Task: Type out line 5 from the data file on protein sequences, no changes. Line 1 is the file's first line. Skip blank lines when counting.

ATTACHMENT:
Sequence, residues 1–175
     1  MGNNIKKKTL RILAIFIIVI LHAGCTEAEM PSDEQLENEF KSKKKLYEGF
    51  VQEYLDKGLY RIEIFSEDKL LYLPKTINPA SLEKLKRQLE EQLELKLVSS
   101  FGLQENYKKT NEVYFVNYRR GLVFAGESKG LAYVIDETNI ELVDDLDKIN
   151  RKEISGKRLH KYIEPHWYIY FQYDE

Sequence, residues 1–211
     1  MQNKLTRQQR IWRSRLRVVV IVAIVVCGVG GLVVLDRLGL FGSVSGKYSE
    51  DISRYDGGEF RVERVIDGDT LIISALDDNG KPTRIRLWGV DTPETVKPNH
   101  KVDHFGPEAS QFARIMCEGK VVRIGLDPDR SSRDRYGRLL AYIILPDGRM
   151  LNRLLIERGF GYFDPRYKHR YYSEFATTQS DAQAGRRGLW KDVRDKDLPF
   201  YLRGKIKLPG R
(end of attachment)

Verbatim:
   151  RKEISGKRLH KYIEPHWYIY FQYDE